Exploitative practices not unconscionable.

You know when you rage and are that wild you grind your teeth, bite your tongue and sing people in your head? That is how I have felt writing the words that follow, so much so, that I have done CTRL+find checks to make sure none of my usual four letter words crept in.
  • 15 Apr 2019

Dr Chelsea Bond delivers a masterclass in Indigenous Excellence

You may have heard a collective triumphant cheer emanating from Indigenous people on Twitter the other night.

Reform: Tell the truth

Truth and Treaty are the theme of the second piece in the Reform series where you are asked to consider the possibilities of a better Australia – but that does require you to confront your way of thinking.

Reform: Pay the Rent

We cannot mature as a country if we do not acknowledge this damage and the responsibility of the nation to implement reform that encompasses restitution.

#FreeThePeople – saving lives and challenging the system

When I read the final report of the Royal Commission into Aboriginal Deaths in Custody as an 18 year old over a decade after it was signed, despite all that I was taught by my elders growing up, I never imagined that we would still be discussing laws so overtly racist in their intent and application today.

NT Defamation Case in Supreme Court

We have always had to fight for our right to assert our personhood and the fight continues with Alice Springs Newspaper ‘The Centralian Advocate – NT News’ currently the subject of defamation litigation following the publishing of an Indigenous child’s photograph above the headline “Youth Crisis: town split over kids.”

Blind Justice? Not in our experience.

Indigenous people's lives are immaterial when they are inside, the risk of death is very real to us. The pursuit of justice is our greatest fight in history and one heavily resisted. Justice is not blind.

Because of her love – we are fierce

Indigenous women weather the trauma of past and present violence, oppression and policy to fight for a better future. #BecauseOfHer

#IsThisForReal – Scam awareness for Indigenous Communities

The targeting of Indigenous people is particularly concerning as they are telephoning Indigenous people and pretending to be government departments alleging debt and that a warrant is out for the individual’s arrest and that, if a certain action such as paying money into a particular bank account is not done, then the individual would be cut off from benefits and/or arrested.” Given that there is a considerable number of Indigenous people vulnerable to this heinous scam, it is critical that we raise awareness in communities on how to spot and avoid scammers.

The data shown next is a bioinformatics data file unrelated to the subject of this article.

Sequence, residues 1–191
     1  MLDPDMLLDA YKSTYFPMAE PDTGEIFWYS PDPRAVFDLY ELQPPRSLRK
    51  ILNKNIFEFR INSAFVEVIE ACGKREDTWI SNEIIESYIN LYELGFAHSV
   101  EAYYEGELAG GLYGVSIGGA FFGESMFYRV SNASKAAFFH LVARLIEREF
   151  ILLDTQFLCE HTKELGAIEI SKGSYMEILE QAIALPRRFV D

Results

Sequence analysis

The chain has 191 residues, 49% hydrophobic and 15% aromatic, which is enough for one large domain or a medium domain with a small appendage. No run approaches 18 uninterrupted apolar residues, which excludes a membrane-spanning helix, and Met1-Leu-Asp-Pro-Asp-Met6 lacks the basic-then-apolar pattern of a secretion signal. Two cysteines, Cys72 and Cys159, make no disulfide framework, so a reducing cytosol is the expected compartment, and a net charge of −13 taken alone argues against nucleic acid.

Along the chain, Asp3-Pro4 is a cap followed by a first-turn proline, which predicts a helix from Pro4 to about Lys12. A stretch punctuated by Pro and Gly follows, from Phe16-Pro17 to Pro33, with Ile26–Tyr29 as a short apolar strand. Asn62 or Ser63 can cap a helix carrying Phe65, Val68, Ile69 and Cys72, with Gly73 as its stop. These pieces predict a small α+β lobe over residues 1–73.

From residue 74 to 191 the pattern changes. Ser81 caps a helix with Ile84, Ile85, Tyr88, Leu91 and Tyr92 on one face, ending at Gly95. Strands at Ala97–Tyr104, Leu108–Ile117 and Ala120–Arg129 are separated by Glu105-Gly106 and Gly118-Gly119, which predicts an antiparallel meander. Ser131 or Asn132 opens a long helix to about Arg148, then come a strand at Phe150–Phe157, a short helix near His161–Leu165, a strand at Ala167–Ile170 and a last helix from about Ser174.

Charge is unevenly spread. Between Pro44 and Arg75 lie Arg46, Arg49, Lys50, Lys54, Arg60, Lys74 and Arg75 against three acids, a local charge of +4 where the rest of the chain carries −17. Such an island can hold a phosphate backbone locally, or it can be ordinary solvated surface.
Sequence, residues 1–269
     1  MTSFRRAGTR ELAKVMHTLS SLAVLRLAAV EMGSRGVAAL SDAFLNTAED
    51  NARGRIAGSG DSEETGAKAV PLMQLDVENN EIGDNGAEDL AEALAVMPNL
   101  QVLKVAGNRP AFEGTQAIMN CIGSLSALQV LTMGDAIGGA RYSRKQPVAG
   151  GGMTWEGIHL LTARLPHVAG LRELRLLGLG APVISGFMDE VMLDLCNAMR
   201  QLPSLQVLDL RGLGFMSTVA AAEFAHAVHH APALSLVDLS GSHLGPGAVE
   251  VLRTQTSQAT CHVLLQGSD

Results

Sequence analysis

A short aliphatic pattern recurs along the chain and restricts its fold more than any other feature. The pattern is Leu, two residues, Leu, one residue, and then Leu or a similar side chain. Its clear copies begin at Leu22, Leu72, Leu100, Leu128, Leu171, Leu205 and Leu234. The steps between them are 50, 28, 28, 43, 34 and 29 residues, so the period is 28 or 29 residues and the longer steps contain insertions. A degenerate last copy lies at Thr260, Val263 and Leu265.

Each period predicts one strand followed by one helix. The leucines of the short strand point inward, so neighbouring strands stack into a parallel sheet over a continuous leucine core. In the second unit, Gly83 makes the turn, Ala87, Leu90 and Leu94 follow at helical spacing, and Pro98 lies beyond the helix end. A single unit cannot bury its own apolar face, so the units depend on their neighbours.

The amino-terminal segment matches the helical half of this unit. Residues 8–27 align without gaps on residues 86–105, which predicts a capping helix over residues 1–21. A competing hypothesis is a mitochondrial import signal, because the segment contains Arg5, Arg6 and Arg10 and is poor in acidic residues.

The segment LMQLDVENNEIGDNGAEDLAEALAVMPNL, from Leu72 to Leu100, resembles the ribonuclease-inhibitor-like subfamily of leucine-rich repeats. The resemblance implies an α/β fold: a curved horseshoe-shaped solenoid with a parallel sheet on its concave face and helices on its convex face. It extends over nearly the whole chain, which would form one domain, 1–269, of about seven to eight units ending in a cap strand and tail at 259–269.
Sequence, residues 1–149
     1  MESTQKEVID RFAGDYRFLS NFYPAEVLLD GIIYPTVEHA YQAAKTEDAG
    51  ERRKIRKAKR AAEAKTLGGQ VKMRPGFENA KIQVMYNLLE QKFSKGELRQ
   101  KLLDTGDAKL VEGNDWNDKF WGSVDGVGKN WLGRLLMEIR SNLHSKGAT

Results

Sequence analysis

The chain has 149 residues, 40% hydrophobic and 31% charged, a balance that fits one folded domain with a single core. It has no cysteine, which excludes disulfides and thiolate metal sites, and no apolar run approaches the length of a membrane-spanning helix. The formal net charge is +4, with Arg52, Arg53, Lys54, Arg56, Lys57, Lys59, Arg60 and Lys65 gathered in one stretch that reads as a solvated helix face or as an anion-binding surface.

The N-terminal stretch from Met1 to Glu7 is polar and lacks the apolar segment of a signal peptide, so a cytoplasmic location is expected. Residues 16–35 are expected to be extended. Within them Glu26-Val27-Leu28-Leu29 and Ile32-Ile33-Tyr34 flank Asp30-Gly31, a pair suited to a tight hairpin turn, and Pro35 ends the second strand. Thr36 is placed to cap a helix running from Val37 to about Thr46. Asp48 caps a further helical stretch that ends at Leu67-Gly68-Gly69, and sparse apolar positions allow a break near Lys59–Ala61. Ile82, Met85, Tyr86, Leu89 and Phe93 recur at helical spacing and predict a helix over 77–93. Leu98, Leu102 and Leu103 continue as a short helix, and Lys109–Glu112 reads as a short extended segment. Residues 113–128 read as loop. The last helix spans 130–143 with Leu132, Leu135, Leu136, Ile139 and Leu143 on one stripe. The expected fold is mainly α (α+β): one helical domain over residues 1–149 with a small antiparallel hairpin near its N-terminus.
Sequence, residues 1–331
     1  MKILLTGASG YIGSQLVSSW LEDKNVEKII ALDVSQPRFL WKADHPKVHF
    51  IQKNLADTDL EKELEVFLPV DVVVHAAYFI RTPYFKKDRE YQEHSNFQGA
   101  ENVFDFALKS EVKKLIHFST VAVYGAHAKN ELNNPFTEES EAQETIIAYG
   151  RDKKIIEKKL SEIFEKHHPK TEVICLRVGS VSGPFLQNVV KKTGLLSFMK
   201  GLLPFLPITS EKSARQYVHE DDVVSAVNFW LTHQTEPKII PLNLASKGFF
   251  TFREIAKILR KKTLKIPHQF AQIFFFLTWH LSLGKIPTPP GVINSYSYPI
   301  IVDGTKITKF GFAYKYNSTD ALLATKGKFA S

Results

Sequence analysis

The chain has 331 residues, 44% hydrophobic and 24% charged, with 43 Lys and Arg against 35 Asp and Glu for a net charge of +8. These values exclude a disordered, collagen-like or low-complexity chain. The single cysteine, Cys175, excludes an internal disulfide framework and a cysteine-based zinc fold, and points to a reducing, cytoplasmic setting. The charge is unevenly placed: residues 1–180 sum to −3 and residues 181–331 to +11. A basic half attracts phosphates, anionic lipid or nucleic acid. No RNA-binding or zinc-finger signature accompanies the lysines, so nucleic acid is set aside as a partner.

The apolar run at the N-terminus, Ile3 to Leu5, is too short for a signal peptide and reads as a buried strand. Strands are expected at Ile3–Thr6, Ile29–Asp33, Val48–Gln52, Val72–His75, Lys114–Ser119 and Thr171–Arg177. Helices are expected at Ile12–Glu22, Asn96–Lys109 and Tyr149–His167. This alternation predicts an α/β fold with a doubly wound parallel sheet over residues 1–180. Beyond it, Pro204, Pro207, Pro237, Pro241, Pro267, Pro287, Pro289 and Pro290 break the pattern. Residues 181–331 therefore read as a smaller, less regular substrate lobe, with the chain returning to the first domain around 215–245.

Still waiting 21 years after the Bringing Them Home report

On the anniversary of the Bringing Them Home Report – we say no more to paternalistic policies that undermine our families and communities.

Women are dying and we need to do more

Women are dying and we are taking photographs and funding awareness campaigns. Women are dying and we know the cause. Women are dying and we know the solution, but still it continues.

Australia Day – 230 years of grand theft and trespass

On 26 January, 1788 the British Crown contravened its own law – and prevailing international law–  by laying claim to 7.692 million km² of land that was already inhabited and cared for by over 200 First Nations, each with a sophisticated and ecologically-focussed system of governance. And the trespass continues.

STEM program aims to benefit Indigenous communities

For years there has been a disparity between Indigenous and non-indigenous students at high school and tertiary education in the area of Science Technology Engineering and Mathematics, or STEM.

What do you think you know about David Unaipon?

Today is Ngarrindjeri man, David Unaipon’s birthday. He was born this day in 1872 and throughout his life was a noted inventor, writer and lecturer and he lived to be 95 years old. Most know him as the man on our $50 note but what most people don’t know is how so many things we now take for granted came from this brilliant man.

The anomalies in the 2016 ABS Causes of Death data

The Australian Bureau of Statistics has today released its 2016 Causes of Death data which includes annual national suicide information. Analysis provided by Mindframe revealed that 162 (119 male, 43 female) Aboriginal and Torres Strait Islander people died by suicide, which is slightly higher than the 152 recorded in 2015.

We are the lucky country for a privileged white majority. A republic could turn this around

Bill Shorten has raised the issue of a republic once again when he released his plan at the Australian Republican Movement gala dinner on Saturday night to put the question to the public. The predictable knuckle-dragging has ensued due to the shortsighted who continue to see value in pledging allegiance to a foreign head of state.

Justice for Elijah Doughty, now

After hearing last Friday’s news, I was left reeling with a frenetic bundle of nerve endings and emotions. When I spoke to Luke, he instantly picked up on it.

Poverty must stop being used as a weapon to justify separating Indigenous families

Australia ‘has systematically implemented policies that are born of a rhetoric suggesting that the state is somehow protecting Aboriginal children better than their families’.

Sam Thaiday quip no laughing matter, should not be so readily excused

Unless you have been living under a rock, by now you would of heard that Sam Thaiday attempted to be funny while on the Footy Show on Thursday night.

Australia: just call it for what it is

The judicial system in Australia targets Indigenous people more than any other group. Indigenous people are racially profiled, are killed in custody and are more likely to receive custodial sentences than their non-Indigenous counterparts. In fact, Indigenous people in Australia have higher incarceration rates than during apartheid South Africa. We continue to gaol Indigenous people for non-payment of parking fines as a result of mandatory sentencing that was instituted to target this very group of people within society.